How to Teach Yourself to Paint

Ingrid Christensen
May 21, 2019 5:05PM
Jamie Perry
Organized Chaos, 2017
CK Contemporary

The desire to paint is widely held among people of all ages and professions, but many never act on the urge. Some people avoid painting because of insecurity or misguided notions about what the art form entails. Some think that painting requires innate talent or expensive instruction, and worry that they aren’t creative enough to paint something beautiful. Other people simply don’t know how to begin. Daunted by the vast selection of brushes, paints, and media on the shelves of art stores, they retreat, feeling that painting is too complicated to grasp on their own.

Yet learning to paint doesn’t need to be intimidating, and it doesn’t require talent, in-person lessons, or great expense. All you need to teach yourself to paint is a few materials, targeted practice, and the right frame of mind.

Buy a few quality supplies

Paints come in both artist (also called “professional”) quality and student quality, with significant price differences between the two. Choose artist quality for the best results. While it’s logical to think that student paint will be adequate for learning, it may impede your growth. The low pigment load and added fillers in student paint make it difficult to achieve bright, clean colors, and you may be discouraged by the murky paintings you create.

To get started, all you’ll need is a primary color palette—red, yellow, and blue paint tubes. Add a tube of white if you’re working in an opaque medium, such as oil, acrylic, or gouache. With these colors, you can learn to mix a version of every other color that you need: greens, purples, oranges, browns, greys, and blacks. Using a limited number of pigments will allow you to focus on paint application, rather than continually hunting for the perfect tube of color as you paint.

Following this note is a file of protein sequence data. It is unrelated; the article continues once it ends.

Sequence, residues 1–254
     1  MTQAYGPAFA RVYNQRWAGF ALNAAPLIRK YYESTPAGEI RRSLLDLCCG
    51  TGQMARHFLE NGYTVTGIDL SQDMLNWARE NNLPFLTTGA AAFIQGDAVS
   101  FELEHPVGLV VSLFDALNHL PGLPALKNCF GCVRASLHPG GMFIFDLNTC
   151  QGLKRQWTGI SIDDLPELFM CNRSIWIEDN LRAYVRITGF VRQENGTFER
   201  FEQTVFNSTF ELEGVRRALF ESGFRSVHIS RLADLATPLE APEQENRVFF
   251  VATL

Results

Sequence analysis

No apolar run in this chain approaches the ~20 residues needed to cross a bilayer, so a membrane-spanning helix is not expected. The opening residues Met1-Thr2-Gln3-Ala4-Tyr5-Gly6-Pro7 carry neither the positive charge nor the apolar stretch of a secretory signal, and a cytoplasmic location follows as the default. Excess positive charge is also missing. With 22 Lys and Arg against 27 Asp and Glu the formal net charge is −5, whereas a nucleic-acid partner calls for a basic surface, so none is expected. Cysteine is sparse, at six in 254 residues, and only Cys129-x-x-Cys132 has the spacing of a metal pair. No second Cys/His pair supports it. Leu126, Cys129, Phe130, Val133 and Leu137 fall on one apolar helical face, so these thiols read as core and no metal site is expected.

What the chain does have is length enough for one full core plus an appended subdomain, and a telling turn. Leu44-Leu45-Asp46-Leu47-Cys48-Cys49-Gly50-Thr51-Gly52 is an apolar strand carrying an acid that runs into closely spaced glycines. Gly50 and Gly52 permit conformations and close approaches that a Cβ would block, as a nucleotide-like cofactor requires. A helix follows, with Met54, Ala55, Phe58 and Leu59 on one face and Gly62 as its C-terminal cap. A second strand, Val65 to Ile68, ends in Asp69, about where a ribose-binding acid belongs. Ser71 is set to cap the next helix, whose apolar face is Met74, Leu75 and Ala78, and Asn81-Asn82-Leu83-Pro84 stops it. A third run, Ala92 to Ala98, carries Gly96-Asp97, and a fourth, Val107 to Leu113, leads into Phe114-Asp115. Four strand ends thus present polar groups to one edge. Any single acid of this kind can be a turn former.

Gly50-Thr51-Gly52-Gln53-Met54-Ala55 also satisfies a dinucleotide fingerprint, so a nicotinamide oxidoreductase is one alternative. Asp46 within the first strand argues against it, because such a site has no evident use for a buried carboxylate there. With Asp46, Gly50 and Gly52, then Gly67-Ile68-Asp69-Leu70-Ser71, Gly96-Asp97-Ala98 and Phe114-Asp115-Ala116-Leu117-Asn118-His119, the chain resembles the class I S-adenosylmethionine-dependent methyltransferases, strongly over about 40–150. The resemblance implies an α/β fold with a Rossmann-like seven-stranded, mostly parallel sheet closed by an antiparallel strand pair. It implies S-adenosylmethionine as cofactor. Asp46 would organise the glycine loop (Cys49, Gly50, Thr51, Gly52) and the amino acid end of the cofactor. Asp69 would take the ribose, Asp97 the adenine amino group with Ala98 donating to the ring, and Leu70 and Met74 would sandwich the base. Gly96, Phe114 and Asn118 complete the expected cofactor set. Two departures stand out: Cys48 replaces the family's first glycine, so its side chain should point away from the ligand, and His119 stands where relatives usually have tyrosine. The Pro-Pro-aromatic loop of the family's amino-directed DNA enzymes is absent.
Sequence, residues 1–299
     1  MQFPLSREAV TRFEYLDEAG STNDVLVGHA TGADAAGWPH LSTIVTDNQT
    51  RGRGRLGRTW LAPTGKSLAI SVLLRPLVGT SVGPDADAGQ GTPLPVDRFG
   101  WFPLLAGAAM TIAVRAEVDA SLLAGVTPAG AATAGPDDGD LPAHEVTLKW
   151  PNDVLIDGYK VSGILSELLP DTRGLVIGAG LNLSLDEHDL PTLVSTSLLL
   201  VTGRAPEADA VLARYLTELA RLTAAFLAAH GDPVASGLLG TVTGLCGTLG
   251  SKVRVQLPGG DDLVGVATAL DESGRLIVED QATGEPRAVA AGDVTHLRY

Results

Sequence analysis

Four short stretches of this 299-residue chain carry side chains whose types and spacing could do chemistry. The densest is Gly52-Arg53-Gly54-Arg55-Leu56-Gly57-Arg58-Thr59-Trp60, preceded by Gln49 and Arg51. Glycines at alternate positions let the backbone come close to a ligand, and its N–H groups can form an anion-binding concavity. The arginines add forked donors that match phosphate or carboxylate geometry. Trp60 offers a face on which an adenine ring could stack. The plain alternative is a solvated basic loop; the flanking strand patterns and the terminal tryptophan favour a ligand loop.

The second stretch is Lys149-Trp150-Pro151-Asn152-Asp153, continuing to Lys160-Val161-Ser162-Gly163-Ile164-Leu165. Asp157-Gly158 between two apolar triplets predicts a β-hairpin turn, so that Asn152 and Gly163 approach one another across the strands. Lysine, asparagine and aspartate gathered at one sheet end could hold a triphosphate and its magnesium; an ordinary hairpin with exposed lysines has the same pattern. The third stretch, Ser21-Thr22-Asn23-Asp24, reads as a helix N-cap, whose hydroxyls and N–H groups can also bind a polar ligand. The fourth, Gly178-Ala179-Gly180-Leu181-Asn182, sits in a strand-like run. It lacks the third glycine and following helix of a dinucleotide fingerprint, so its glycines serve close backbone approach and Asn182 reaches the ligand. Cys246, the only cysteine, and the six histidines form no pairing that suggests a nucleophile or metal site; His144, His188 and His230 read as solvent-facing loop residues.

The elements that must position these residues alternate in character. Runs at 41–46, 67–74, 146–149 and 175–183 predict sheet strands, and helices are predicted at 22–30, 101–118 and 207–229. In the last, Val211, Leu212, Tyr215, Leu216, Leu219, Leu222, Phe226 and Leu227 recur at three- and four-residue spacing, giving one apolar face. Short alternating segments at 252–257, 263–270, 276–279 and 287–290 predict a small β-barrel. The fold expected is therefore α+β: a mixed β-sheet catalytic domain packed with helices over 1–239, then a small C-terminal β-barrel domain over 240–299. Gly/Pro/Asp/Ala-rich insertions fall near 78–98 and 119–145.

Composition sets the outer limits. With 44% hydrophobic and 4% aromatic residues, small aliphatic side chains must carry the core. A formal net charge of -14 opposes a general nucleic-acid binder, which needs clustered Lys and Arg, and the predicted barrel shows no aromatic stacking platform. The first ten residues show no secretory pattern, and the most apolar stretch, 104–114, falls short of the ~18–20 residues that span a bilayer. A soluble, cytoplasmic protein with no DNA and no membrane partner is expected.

In terms of brushes, a small selection of four or five options in various shapes and sizes will be enough to begin painting. You’ll quickly learn which brushes you prefer, and you can stock up on those in the future. For now, focus on experimenting and discovering the marks that each type of brush can make. You can learn more about brush types in this article.

Get an overview of the painting process

Over the centuries, painters have worked out efficient systems for starting and developing paintings, and you can access that knowledge through how-to books and free online videos. Look for titles that suit your interests, such as “paint like the Impressionists” or “how to paint people.” You’ll discover that there are a few basic ways that artists start a painting, such as by making a drawing and filling it in with color; creating a tonal underpainting; or starting from flat patches of color. By working from the demonstrations in books or videos, you will become familiar with basic painting processes and gain the confidence to tackle a subject of your own.

Paint from life, not photos